You can have a DBA business and do just fine
    In the beginning your business entity isn’t going to have any credit and it will be your SSN that’s needed anyway.

    Just too many ways to pierce the veil in the beginning, you can thank the patriot act for that.

    When you’re more established get articles of organization and become a real corporation (c or s) skip over the LLC
    hort101 likes this.
  5. grassmonkey0311

    grassmonkey0311 LawnSite Gold Member
    Messages: 3,446

    Not correct.

    A single member LLC is the same as a sole prop.

    If your looking at protecting personal assets, you'll need a multi member LLC.
  6. Grim_Archer

    Grim_Archer LawnSite Member
    Messages: 19

    Read my post again, I never mentioned anything about a single member LLC. I never specified a category of LLC. Do you know what the LL stand for in LLC?
  7. TPendagast

    TPendagast LawnSite Fanatic
    Messages: 15,919

    Doesn’t matter what it stands for
    What matters how the law works
    The patriot act eviscerated the LLC
    Many many people learned how transparent the llc was when the shtf in 2008 and the lost their houses their cars and their kids college tuition.

    The llc doesn’t limit anything
    Not anymore
  8. BigJlittleC

    BigJlittleC LawnSite Platinum Member
    from Chicago
    Messages: 4,845

    As a solo operation if your negligence results in you being sued. You can bet money on the plantiffs lawyer going after you personally if your biz doesn't have enough money. Won't matter what kind of business you have.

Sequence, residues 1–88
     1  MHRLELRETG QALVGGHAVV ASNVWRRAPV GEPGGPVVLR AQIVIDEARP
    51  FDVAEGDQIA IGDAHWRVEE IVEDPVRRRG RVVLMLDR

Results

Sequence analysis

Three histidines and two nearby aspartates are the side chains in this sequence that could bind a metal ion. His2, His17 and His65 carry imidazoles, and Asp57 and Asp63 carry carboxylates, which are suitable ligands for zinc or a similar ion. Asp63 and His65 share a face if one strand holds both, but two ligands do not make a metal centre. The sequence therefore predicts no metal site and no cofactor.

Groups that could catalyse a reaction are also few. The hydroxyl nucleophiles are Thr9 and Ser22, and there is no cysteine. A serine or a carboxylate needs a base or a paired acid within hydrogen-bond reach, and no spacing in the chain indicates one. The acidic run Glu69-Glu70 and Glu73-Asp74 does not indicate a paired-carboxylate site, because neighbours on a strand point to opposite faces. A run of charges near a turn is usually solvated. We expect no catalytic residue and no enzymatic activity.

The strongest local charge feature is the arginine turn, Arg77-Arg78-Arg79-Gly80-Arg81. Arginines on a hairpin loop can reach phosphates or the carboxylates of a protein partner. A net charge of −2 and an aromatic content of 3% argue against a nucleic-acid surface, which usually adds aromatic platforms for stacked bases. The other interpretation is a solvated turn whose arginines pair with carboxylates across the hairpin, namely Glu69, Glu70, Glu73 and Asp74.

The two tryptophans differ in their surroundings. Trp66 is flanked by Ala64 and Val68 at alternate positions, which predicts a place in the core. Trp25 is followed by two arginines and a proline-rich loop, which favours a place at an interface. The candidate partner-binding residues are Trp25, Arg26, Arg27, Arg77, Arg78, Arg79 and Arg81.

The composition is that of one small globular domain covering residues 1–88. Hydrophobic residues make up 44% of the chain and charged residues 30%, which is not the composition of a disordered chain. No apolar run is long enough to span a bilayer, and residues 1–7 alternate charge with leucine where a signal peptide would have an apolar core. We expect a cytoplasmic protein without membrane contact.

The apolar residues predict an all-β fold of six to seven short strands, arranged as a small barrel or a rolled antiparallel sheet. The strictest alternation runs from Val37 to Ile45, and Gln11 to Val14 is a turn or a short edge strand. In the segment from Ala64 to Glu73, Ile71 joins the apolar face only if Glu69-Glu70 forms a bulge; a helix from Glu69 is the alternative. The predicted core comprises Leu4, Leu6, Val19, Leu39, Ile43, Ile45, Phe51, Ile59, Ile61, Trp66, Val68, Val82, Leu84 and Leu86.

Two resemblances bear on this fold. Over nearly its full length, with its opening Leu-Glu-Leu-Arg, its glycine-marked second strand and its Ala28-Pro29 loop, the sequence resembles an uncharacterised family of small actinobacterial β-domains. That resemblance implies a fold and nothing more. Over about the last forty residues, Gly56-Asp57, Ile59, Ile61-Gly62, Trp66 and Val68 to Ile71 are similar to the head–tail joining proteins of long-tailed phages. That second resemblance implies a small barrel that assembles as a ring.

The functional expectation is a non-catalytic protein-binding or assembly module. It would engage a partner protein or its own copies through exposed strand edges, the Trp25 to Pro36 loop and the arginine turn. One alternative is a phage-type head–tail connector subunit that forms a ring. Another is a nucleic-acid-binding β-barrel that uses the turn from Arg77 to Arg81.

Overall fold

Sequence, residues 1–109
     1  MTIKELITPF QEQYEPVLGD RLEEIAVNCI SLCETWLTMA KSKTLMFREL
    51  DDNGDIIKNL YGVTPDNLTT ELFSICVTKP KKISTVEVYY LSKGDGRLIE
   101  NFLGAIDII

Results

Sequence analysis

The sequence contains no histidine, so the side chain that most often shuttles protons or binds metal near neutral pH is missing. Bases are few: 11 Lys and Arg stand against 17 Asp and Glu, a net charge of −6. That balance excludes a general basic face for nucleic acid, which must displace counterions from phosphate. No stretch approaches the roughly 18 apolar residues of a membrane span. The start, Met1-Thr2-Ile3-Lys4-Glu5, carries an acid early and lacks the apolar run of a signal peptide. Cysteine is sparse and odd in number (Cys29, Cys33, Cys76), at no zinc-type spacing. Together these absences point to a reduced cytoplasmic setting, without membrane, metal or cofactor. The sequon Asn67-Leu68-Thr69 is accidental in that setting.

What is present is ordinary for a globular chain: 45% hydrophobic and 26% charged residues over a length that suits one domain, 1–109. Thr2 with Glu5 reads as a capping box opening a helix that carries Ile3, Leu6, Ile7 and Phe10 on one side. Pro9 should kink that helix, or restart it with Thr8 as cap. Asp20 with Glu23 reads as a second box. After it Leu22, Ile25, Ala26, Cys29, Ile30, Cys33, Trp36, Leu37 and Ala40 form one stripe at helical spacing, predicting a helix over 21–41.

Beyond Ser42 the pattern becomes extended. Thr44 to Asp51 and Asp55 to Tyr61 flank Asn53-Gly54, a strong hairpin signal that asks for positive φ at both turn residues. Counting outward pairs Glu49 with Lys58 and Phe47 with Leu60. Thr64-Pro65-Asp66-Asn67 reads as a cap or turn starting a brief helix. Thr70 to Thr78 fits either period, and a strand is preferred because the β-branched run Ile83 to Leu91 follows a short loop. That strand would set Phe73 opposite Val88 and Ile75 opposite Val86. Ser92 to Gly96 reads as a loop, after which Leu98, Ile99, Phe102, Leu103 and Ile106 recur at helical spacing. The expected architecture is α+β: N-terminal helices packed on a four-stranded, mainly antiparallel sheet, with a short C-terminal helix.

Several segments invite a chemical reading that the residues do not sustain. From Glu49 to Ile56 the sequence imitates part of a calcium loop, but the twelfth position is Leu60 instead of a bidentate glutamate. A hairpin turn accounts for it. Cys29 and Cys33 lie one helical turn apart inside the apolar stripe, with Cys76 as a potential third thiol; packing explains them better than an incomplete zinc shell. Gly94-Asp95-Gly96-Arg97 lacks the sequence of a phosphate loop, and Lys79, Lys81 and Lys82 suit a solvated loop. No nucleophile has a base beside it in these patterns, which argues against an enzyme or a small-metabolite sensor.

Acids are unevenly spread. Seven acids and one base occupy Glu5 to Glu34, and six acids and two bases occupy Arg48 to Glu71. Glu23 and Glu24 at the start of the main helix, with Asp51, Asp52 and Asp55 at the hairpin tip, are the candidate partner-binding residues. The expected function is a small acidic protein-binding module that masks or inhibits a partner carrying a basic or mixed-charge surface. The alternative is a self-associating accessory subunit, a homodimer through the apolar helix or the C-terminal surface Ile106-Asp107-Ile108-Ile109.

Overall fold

This also applies to employees too. As they can be sued personally by an injured party.
    Doc8406 and hort101 like this.
  9. grassmonkey0311

    grassmonkey0311 LawnSite Gold Member
    Messages: 3,446

    Sorry, just reading my response I sounded like a _ick.

    When you register your LLC, you have to specify who the owner(s) is/are. If you are the only owner, it's a single member. If there are multiple owners, you need to list them and it's then a multi member LLC.

    If you are the only owner (single member), it's treated as a sole prop because you have total control of the assets/liabilities. Where as a multi member LLC asset/liabilities are split amongst the other members.

    There is a big difference between the two. Under a single member, if you get sued and the business can't cover it, it falls on you. But under a multi member, personal assets are covered because it's hard to distinguish who owns what in the company and how much each member should personally pay if the business can't.

    Hopefully this makes sense, I didn't know any of this when registering my business, so I hired a lawyer and this is what he was telling me. But, if you prefer being a Google lawyer, searches will tell you the same.
    hort101 likes this.
  10. ThriftyGarage

    ThriftyGarage LawnSite Member
    Messages: 4

    I registered my new business as an LLC.